We're unable to sign you in at this time. Please try again in a few minutes.
We were able to sign you in, but your subscription(s) could not be found. Please try again in a few minutes.
There may be a problem with your account. Please contact the AMA Service Center to resolve this issue.
Contact the AMA Service Center:
Telephone: 1 (800) 262-2350 or 1 (312) 670-7827  *   Email: subscriptions@jamanetwork.com
Error Message ......
Special Feature |

Pathological Case of the Month FREE

Ronald Scorpio, MD; Elizabeth Manci, MD; Daniel Beals, MD
[+] Author Affiliations

From the Division of Pediatric Surgery (Drs Scorpio and Beals) and the Department of Pathology (Dr Manci), University of South Alabama, Mobile. Dr Scorpio is now with the Department of Medical Education, Spartanburg Regional Healthcare System, Spartanburg, SC.

Section Editor: Enid Gilbert-barness, MD

Arch Pediatr Adolesc Med. 2000;154(4):419-420. doi:10.1001/archpedi.154.4.419.
Text Size: A A A
Published online

A 10-YEAR-OLD GIRL was seen with a temperature of 102°F and a 4-month history of abdominal distension without pain, nausea, or vomiting. Findings from physical examination demonstrated a large mass filling her entire abdominal cavity. A computed tomographic scan showed a heterogeneous, large, abdominal mass measuring 20 × 11 × 20 cm (Figure 1). Her white blood cell count was 10.8 × 109/L with no left shift, and levels for blood urea nitrogen were 12.1 mmol/L; creatine, 92 µmol/L; α1-fetoprotein, 4.8 µg/L (reference range, <8.5 µg/L); and human chorionic gonadotropin assay, 3 IU/L (reference range, <5 IU/L). Antibiotics were administered for presumed urosepsis, and she underwent exploratory celiotomy. A large ovarian tumor was removed, measuring 29.0 × 19.5 × 10.5 cm and weighing 4.09 kg, and the capsule was intact. The cut surface was friable with multicystic areas (Figure 2). Findings from microscopic examination (Figure 3 and Figure 4) of the tumor showed solid areas, and tubules were lined by columnar to cuboidal cells with prominent mitotic activity. The patient was discharged, and no recurrence of the tumor was seen at follow-up 1 year later.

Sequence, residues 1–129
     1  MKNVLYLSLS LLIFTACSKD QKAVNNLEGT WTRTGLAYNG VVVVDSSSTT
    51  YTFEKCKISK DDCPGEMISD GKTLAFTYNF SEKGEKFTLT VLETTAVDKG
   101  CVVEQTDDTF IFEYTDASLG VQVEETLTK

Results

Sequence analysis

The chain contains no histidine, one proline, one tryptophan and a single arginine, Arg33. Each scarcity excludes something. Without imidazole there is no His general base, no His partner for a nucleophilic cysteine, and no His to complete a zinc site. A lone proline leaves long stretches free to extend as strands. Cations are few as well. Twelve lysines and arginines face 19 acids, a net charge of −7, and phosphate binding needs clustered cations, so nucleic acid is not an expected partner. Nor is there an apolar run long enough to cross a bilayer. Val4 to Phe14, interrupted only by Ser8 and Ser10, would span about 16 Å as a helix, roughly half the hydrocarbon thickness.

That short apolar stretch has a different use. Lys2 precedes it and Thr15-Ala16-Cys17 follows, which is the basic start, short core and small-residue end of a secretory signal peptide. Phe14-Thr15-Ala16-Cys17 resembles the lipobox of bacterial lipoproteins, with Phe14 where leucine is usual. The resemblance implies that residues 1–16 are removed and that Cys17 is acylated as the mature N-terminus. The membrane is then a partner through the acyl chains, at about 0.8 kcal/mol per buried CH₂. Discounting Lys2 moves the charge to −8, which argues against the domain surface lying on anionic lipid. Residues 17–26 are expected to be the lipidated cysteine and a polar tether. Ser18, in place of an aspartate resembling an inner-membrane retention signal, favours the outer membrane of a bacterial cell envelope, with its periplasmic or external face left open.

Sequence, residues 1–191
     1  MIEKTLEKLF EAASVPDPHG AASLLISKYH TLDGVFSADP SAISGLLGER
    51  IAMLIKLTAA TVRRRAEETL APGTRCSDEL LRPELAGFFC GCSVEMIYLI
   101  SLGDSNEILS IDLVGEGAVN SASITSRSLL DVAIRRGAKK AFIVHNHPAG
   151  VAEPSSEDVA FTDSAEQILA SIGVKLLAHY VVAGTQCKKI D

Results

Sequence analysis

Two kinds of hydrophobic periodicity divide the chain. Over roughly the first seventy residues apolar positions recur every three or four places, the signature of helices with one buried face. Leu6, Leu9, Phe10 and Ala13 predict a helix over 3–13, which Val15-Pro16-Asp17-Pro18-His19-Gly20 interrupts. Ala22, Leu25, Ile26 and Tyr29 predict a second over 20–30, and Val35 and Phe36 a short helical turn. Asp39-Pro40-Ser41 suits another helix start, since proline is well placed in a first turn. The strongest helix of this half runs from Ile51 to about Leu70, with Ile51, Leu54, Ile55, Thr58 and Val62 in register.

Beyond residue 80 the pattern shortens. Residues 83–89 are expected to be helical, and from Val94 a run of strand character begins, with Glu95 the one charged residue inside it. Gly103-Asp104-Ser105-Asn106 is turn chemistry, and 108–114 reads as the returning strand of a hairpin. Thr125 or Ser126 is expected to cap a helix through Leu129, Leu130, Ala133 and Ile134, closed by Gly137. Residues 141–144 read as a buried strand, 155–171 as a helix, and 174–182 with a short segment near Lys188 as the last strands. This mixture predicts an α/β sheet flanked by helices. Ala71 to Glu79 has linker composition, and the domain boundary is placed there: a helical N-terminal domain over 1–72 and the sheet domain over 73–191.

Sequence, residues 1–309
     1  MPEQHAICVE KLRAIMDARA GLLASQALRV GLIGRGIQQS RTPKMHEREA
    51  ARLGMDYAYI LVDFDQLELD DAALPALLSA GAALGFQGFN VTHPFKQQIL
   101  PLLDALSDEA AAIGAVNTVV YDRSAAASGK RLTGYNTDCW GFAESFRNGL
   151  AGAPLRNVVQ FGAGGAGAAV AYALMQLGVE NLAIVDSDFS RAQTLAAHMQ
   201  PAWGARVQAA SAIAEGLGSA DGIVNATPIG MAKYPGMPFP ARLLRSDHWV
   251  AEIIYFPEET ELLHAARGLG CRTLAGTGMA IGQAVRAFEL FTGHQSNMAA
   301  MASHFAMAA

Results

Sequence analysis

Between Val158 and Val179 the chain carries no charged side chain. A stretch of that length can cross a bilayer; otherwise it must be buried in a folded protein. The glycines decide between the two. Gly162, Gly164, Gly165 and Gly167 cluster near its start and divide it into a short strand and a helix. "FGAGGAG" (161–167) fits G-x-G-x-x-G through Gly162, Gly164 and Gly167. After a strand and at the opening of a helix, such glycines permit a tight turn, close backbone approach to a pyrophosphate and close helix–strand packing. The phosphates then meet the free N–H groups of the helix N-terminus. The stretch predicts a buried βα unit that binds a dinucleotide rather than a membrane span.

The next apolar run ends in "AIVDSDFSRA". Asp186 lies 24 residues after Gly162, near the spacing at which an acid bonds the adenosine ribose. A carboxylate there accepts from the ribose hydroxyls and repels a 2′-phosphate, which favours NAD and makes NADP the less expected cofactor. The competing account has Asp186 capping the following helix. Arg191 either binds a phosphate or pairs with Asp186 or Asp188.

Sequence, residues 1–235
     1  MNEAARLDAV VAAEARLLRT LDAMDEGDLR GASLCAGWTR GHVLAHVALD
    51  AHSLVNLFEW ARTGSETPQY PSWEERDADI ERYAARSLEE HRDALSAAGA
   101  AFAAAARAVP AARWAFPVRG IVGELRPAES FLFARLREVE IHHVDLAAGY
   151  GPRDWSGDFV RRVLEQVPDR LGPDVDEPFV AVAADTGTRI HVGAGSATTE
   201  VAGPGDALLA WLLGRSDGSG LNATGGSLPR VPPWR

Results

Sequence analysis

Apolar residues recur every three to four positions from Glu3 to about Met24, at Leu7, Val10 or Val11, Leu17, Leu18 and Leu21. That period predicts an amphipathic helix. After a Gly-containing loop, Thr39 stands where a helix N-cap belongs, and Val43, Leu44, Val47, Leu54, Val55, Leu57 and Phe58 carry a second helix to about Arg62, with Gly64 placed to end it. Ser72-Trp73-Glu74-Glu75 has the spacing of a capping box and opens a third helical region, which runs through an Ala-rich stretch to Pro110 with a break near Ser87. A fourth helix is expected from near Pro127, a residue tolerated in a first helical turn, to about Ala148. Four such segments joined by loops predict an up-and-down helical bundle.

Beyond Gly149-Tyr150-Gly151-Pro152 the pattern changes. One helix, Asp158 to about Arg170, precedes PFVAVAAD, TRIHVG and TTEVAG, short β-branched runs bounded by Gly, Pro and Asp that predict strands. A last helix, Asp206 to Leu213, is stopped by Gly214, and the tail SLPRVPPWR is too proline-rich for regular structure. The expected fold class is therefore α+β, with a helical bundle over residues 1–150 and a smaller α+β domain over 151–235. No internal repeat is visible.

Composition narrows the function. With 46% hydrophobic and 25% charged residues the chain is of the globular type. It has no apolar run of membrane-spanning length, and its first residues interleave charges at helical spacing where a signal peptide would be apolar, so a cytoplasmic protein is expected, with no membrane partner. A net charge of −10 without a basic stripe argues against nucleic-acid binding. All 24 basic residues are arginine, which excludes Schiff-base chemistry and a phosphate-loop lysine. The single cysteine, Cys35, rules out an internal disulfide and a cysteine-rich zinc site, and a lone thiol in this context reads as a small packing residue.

Also Meets CME requirements for:
Browse CME for all U.S. States
Accreditation Information
The American Medical Association is accredited by the Accreditation Council for Continuing Medical Education to provide continuing medical education for physicians. The AMA designates this journal-based CME activity for a maximum of 1 AMA PRA Category 1 CreditTM per course. Physicians should claim only the credit commensurate with the extent of their participation in the activity. Physicians who complete the CME course and score at least 80% correct on the quiz are eligible for AMA PRA Category 1 CreditTM.
Note: You must get at least of the answers correct to pass this quiz.
Please click the checkbox indicating that you have read the full article in order to submit your answers.
Your answers have been saved for later.
You have not filled in all the answers to complete this quiz
The following questions were not answered:
Sorry, you have unsuccessfully completed this CME quiz with a score of
The following questions were not answered correctly:
Commitment to Change (optional):
Indicate what change(s) you will implement in your practice, if any, based on this CME course.
Your quiz results:
The filled radio buttons indicate your responses. The preferred responses are highlighted
For CME Course: A Proposed Model for Initial Assessment and Management of Acute Heart Failure Syndromes
Indicate what changes(s) you will implement in your practice, if any, based on this CME course.


Some tools below are only available to our subscribers or users with an online account.

2 Citations

Related Content

Customize your page view by dragging & repositioning the boxes below.

Articles Related By Topic
Related Collections

The Rational Clinical Examination: Evidence-Based Clinical Diagnosis
Evidence to Support the Update

The Rational Clinical Examination: Evidence-Based Clinical Diagnosis
Evidence Summary and Review 1